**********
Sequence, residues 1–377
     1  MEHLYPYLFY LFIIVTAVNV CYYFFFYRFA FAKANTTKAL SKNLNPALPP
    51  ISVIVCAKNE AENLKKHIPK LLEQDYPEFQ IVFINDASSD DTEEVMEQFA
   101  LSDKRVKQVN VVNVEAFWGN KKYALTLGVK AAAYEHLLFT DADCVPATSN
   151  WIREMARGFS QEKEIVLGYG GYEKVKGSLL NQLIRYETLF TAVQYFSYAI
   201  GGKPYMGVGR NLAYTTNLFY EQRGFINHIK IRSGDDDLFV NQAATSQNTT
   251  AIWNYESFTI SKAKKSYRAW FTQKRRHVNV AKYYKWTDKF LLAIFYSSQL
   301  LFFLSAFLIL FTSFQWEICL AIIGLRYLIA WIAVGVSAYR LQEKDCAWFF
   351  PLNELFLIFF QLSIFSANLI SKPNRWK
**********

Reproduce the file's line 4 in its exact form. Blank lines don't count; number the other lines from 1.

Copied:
   101  LSDKRVKQVN VVNVEAFWGN KKYALTLGVK AAAYEHLLFT DADCVPATSN